Question: “Old Hung Kyun”, also called “Village Hung Kyun”, vs. today’s most widely spread lineage of Grand Master Wong Fei Hung.
Can you please summarizes their brief history, connections, development and techniques of the “Old Hung Ga” and “Modern Hung Ga”?
Answer: This month’s Hung Kyun question wasn’t raised by a single individual, but actually by many of you. I have received many quests regarding the “Old Hung Kyun” as a response to our regular Practical Hung Kyun Newsletter, on Facebook, as well as various discussion forums.
Please check out the brief analysis and comparison between old and new Hung Ga Kyun, their connections, development, techniques and fighting strategy below!
During my numerous visits of Hong Kong and Southern China in general I have done an extensive research regarding the various families and lineages of Hung Ga Kyun. I still have to go through the piles of notes, photocopies of rare manuals and manuscripts, as well as vast video material. Many of the Hung Ga lineages were pre/non-Wong Fei Hung – when interviewing various old Masters and Grand Masters, I have found out a lot interesting info which I am going to share with all Hung Ga Kyun fans.
Cantonese Master Lam Yan speaks about the differences between the style of “Earlier Five Tigers” (“Old Hung Kyun”) and “Later Five Tigers” (“New Hung Kyun”).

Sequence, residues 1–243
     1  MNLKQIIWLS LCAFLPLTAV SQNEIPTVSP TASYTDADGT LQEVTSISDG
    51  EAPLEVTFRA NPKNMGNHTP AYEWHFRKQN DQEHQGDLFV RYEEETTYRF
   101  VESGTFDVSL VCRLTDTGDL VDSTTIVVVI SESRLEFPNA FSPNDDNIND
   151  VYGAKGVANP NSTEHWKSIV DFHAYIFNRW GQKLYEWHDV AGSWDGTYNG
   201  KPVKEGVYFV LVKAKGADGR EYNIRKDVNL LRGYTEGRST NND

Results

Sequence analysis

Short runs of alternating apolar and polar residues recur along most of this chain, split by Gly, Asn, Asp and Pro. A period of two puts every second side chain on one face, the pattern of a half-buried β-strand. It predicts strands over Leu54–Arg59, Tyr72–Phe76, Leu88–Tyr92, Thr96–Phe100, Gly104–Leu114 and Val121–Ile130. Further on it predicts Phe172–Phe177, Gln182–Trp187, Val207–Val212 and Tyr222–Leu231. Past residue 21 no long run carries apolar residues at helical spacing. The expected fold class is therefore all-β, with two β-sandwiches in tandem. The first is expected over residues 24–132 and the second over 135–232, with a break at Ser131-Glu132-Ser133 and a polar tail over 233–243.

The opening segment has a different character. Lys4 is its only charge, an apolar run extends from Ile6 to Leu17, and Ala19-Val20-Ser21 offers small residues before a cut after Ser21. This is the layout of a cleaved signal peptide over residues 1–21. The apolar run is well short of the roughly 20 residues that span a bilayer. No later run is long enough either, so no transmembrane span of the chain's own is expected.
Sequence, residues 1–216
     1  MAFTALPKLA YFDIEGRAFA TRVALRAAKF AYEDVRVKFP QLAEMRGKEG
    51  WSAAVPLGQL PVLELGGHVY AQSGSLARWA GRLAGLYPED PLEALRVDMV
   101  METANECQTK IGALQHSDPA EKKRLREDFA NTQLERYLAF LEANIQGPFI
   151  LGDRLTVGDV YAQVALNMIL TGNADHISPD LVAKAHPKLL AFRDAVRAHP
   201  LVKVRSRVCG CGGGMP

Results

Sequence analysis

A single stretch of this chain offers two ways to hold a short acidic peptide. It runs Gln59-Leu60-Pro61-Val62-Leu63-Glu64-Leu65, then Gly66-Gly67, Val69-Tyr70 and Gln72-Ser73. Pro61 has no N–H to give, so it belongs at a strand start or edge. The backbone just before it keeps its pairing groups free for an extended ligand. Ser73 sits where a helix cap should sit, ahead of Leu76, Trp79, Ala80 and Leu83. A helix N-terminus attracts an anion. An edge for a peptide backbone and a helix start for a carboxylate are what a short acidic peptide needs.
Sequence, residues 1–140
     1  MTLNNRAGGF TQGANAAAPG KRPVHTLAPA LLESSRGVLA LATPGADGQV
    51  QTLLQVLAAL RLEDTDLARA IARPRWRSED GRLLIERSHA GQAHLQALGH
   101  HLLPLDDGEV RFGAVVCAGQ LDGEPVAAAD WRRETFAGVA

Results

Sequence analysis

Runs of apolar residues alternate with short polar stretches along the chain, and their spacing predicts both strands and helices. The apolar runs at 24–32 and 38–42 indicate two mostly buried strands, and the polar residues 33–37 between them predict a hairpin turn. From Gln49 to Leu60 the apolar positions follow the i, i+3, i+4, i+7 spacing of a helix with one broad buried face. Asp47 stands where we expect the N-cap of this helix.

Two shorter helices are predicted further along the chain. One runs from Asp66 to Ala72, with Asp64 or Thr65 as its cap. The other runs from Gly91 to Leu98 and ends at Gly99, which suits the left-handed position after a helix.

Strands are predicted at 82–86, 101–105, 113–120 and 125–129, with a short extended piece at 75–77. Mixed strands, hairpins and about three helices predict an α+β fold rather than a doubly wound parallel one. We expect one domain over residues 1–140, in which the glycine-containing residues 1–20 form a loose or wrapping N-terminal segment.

- “Old Hung Kyun” refers to the original martial arts system handed down from Ji Sin Sim Si/Hung Hei Gun and/or practiced by Hung Society (Hung Mun), in the contrast to the later development of the system by Wong Fei Hung and his disciples.
- In Southern China, Wong Fei Hung’s Hung Kyun, today the most widespread lineage, and it is commonly called as “New/Modern Hung Kyun” (San Hung Kyun).
- Roots of (Old) Hung Kyun are in Fujian (Fuk Gin in Cantonese) province, be it (legendary) Fujian Shaolin Temple or Fujian White Crane. “Old Hung Kyun” is still practiced in Fujian, eg. in Zhangzhou. According some sources, Hung Hei Gun was supposedly born in Fujian.
- Today, many various “Old Hung Kyun” systems are practiced in Gwong Dung as well, eg. in Fa Dou – some sources actually claim, that Hung Hei Gun was actually born in Fa Dou, and not in Fujian, where he later worked/studied. So or so, the roots definitely point to Fujian, and the spread and development happened mainly in Gwong Dung. Cantonese lineages of “Old Hung Kyun” are closely connected to “Red Boats” of Chinese opera – one of the lineages is even named “Red Boats Hung Kyun” (Hung Syun Hung Kyun). So called “Old Hung Kyun“ is also connected to “Old Wing Cheun” (written as 永春拳), and Hung Society (Hung Mun).
Lineages and Familes
- Various lineages of “Old Hung Ga” are often named by the districts, where they are practiced (Jeung Jau Hung Kyun, Fa Dou Hung Kyun, Jaam Gong Hung Kyun, Saam Seui Hung Kyun…. ), or typical features/sets, like “Triple Stretch Hung Kyun” (Saam Jin Hung Kyun), “Flower Hung Kyun” (Fa Hung Kyun), “Five Animals Hung Kyun” (Ng Ying Hung Kyun), or families (Taam Ga Hung Kyun).
- in Southern China, Wong Fei Hung’s/Lam Sai Wing’s “Modern Hung Kyun” is also reffered to as “Tiger and Crane Hung Kyun” (Fu Hok Hung Kyun). “Tiger and Crane Double Form Set” is one of the excellent examples of so called “Mixed Families” (Jaap Ga) sets, i.e. combination of various styles, including “Old Hung Kyun”.
“Bridges” and “Stances”